At least 50 children were among more than 100 people wounded Monday when the Taliban detonated a powerful car bomb in Kabul, officials said, the latest deadly attack in one of the most dangerous countries in the world to be a child.
Save the Children led international condemnation of the blast targeting a defence ministry building, which sent a plume of smoke into the air during rush hour and shook buildings nearly two kilometres (1.2 miles) away.
It was followed by gunmen storming a nearby building and triggering a gun battle with special forces in the Puli Mahmood Khan neighbourhood of the Afghan capital.
Officials said all five attackers have been killed and a clearing operation is ongoing.
At least three people have been killed, including one child, and 116 wounded, according to the health ministry, though that figure is expected to change once the clearing operation has been completed.
Among the wounded were 50 children, the education ministry said in a statement, adding that most had been hurt by flying glass and were in stable condition.
Some social media images purportedly taken at a hospital showed wounded, stunned children in school uniforms, still clutching books as they arrived for treatment.
In its statement, the education ministry said five schools had been partially damaged, and asked "all sides involved in fighting to guarantee the safety of students, teachers, education workers and schools".
Such an attack was "utterly deplorable", Save the Children said in a statement, warning that "Children's smaller bodies sustain more serious injuries than adults" and that the trauma of such attacks can stay with them for years to come.
The Taliban claimed the attack, which came just two days after the insurgents began a seventh round of talks with the US in Qatar as Washington eyes a breakthrough before Afghanistan's September presidential election.
"We were sitting inside the office when the world turned upside down on us," said Zaher Usman, an employee at a branch of the culture ministry, which he said stands just 150 metres (yards) from the blast.
"When I opened my eyes, the office was filled with smoke and dust and everything was broken, my colleagues were screaming," Usman told AFP by telephone.
AFP reporters could hear gunshots and multiple smaller explosions for hours after the initial blast, before the clearing operation was announced. The interior ministry said 210 civilians had been rescued from buildings nearby.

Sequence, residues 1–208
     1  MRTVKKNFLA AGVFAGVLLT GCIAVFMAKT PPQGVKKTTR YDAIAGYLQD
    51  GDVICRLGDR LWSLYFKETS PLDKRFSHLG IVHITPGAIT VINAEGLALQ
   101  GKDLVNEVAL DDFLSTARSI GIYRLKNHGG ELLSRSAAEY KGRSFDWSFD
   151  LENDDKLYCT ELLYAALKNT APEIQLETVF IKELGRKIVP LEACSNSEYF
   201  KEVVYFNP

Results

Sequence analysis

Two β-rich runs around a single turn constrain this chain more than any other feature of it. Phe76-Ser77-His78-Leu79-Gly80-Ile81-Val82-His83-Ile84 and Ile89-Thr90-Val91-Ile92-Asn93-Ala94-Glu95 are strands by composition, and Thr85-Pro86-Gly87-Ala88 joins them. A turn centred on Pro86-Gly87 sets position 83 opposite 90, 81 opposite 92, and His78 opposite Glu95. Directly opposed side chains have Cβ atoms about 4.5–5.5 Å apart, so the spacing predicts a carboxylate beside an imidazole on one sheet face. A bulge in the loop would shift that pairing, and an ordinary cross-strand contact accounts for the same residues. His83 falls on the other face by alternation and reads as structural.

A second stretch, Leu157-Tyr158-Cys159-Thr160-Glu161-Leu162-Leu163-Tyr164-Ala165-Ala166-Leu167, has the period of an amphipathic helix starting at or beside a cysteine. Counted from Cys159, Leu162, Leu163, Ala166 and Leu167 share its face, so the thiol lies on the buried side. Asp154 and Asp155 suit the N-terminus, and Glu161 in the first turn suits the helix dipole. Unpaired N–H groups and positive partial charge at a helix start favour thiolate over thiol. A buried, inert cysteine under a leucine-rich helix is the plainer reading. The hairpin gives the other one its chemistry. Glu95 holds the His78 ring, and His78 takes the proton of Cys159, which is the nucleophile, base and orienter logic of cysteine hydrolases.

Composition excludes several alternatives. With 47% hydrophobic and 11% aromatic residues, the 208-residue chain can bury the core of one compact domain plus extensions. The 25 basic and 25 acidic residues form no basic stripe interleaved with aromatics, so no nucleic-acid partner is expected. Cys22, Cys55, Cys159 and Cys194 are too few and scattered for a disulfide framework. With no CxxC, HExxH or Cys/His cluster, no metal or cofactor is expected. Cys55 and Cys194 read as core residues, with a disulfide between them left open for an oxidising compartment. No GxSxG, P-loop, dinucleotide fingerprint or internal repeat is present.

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Shams Amini, a spokesman for the Afghan Football Federation, told AFP that the blast occurred near their HQ gates, and said some colleagues had been injured.
Nearby Shamshad TV station, which was attacked in 2017, aired images of broken glass and damage to its offices. "I was terrified," Shamshad anchor Hashmat Stanikzai told AFP. A media watchdog said seven Shamshad journalists were among the wounded.
The attack came as the US was set to begin a third day of negotiations with the militants in Doha.
With the attack still ongoing, the Taliban spokesman in Doha again insisted that the insurgents will not negotiate with Kabul.
"Once the timeline for the withdrawal of foreign forces is set in the presence of international observers, then we will begin the talks to the Afghan sides, but we will not talk to the Kabul administration as a government," Suhail Shaheen tweeted.
A potential deal would see the US agree to withdraw its troops after more than 17 years in Afghanistan, igniting deep concerns among Afghans who fear Washington will rush for the exits and allow the militants to return to some semblance of power.
In return, the Taliban would guarantee the country would never again become a safe haven for violent extremism, as happened with Al-Qaeda before the 11 September 2001 attacks.
However, US officials have insisted that "nothing is agreed until everything is agreed", including intra-Afghan talks.